There is more at stake than meets the eye in today’s first-in-the-nation presidential primary in New Hampshire. The campaigns of the frontrunner and lone remaining challenger on the Republican side have been well-chronicled. Meanwhile on the Democratic side, write-in candidate Joe Biden, after ditching the state in favor of South Carolina, is holding his breath, hoping to at least secure a majority against two relative unknowns. But those two other Democrats and no less than five independent candidates also stand to gain or lose traction depending on what happens in the Granite State.
At the same time, we should take a step back and examine the macro picture. The hoopla surrounding its status as the kickoff primary of the election season grossly distorts the relative significance of the state of New Hampshire in the long run. It has been awarded less than one percent of the total delegates to July’s GOP Convention in Milwaukee and holds a mere four electoral votes – also less than one percent of the 538 total. Put another way, if the state’s primary was held in, say, March or April, few would pay attention to it.
Nevertheless, that said, what happens in New Hampshire will not, as the saying goes, stay in New Hampshire. The cascading effects of the various possible outcomes will make for robust debate over the coming months in an – and this word is used advisedly – unprecedented presidential election. But there is no word short of that to describe a race featuring the oldest man – and perhaps the most feeble – ever to hold the office against his predecessor, who would himself be the eldest by the end of a second term. On top of that in the realm of the never-before-seen, Trump is under indictment in half the country, it seems, a target of the boldest, most perverse attempt ever witnessed to “protect democracy” by forcibly removing the frontrunner from the ballot and sending him to prison. Add to that a building thirst among a strong majority of the electorate for alternative candidates, leading to the already-declared candidacies of Jill Stein, Cornel West, and most notably, Democratic defector Robert F. Kennedy Jr. plus the likely entry of a well-known moderate in the No Labels middle-of-the-road lane, and almost anything seems possible.
You Can’t Tell the Candidates Without a Scorecard
On the Republican side, Donald Trump has undoubtedly been energized by the unexpected but wise withdrawal and endorsement of the man once thought to be his chief rival, Ron DeSantis. He is looking not just to win in New Hampshire, but to deliver a knockout blow to the lone remaining GOP challenger, Nikki Haley. The former South Carolina governor and UN ambassador has in turn targeted her campaign at disparate anti-Trump factions including Lincoln Project-type Republicans, independents and Democrats converting to the GOP. The lady who has outlasted no less than eight male candidates will attempt to capitalize on her supposed recent momentum. And while her self-proclaimed “big mo” was something of a dubious claim considering her third-place finish in Iowa, she did turn out to be right with her widely ridiculed statement that the GOP primary had become a two-horse race.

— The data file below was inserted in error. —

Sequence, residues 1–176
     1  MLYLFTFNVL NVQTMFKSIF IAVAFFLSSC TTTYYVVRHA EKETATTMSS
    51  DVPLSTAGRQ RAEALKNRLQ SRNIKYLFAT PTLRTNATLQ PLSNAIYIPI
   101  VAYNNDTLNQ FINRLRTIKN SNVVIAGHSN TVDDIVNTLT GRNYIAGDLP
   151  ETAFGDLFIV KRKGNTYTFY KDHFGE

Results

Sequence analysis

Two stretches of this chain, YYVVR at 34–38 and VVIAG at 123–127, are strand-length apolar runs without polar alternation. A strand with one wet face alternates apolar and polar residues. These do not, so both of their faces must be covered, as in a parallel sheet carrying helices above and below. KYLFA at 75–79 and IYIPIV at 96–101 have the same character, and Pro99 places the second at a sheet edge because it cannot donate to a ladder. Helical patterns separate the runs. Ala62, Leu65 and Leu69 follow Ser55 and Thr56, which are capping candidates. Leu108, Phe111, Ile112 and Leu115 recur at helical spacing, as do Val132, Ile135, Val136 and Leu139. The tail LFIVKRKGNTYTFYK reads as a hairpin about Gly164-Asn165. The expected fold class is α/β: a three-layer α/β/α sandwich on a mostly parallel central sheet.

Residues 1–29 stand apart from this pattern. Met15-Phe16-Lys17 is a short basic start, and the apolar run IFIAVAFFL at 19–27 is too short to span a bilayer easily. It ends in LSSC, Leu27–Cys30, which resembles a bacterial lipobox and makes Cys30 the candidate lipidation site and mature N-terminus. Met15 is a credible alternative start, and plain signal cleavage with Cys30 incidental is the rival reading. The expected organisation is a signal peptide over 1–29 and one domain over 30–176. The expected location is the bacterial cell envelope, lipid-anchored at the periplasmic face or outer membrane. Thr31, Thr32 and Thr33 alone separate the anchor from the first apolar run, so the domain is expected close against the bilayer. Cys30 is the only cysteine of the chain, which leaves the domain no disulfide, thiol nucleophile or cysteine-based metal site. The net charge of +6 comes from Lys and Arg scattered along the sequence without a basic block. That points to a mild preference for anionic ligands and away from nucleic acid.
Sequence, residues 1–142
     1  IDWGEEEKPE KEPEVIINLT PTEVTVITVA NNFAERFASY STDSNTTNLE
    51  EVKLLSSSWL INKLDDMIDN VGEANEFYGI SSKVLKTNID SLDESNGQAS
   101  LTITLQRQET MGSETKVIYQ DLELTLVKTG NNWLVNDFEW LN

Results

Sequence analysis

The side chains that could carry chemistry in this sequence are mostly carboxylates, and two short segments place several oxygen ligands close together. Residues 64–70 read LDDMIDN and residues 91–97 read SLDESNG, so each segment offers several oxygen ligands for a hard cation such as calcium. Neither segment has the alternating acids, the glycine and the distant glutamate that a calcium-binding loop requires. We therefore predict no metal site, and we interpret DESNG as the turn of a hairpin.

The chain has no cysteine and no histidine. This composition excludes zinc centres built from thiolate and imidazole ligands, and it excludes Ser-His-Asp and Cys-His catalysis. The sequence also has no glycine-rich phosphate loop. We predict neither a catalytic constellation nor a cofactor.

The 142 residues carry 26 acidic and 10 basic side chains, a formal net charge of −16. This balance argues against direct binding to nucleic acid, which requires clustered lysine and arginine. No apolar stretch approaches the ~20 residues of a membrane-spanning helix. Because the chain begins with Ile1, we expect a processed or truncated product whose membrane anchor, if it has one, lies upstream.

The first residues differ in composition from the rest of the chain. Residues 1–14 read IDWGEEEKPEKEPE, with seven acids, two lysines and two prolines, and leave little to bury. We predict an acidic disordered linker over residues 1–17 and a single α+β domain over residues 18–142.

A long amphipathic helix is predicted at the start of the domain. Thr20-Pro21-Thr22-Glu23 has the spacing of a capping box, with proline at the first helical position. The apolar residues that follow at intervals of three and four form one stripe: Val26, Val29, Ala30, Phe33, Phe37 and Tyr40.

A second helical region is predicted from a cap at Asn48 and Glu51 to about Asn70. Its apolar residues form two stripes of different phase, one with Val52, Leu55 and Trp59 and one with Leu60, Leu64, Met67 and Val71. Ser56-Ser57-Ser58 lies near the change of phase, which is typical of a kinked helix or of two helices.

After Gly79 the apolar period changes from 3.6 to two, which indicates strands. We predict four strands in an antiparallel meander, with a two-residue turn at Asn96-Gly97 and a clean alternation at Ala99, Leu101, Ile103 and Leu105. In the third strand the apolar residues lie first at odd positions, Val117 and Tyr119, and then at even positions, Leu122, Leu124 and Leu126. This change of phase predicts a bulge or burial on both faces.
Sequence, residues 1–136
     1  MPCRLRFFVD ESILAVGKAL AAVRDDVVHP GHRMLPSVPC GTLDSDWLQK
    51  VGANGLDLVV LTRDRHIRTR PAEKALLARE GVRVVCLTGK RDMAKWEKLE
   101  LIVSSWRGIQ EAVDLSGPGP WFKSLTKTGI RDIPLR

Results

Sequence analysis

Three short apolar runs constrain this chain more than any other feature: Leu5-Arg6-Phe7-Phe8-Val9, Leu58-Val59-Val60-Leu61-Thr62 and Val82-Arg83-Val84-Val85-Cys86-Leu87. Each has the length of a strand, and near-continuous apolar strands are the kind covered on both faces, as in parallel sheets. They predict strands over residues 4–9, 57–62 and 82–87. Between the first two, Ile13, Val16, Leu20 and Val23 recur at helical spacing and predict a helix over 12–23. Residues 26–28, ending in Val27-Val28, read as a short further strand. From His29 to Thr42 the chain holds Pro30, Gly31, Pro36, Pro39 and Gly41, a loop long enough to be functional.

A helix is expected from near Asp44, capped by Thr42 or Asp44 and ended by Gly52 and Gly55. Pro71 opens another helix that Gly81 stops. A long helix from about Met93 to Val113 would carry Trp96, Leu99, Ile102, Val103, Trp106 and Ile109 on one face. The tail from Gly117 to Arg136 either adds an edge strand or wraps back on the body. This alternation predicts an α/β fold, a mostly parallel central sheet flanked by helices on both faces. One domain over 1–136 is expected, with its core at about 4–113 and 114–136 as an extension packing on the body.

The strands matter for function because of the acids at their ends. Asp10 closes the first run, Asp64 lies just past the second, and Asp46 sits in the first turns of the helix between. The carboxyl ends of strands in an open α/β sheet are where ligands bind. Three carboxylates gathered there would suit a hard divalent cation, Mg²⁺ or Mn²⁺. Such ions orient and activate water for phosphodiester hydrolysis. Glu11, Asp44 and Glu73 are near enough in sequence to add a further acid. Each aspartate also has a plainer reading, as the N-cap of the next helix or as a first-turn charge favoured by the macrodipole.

Haley’s goal is to limit her margin of defeat – hopefully to single digits – in order to justify carrying on her back-to-the-future quasi-neo-conservative campaign. Realistically, her hope is in living to fight another day – but with her home state, and one of Trump’s strongest states, looming, a crushing defeat would force her to seriously consider following Ron DeSantis to the sidelines and endorsing Trump in a further show of Republican unity. It would also mean sidestepping an embarrassing landslide on her home turf that could weaken her brand for another run at the big prize in 2028.
The effect of ending the intra-party race would be profound. If Trump wins in a blowout, forcing Haley to withdraw, he will be able to immediately pivot to his real campaign against Biden, months earlier than if he was still engaged in an active primary in his own party. That extra time and unity would allow Trump to focus the entirety of his campaign on ramping up and sharpening his attacks on the man who unseated him. If, on the other hand, Haley somehow shocks the world and wins, or at least comes within single digits of Trump, the primary campaign will likely carry on to South Carolina and Nevada. But Trump holds enormous leads in both those states, so her long-term prospects remain dim.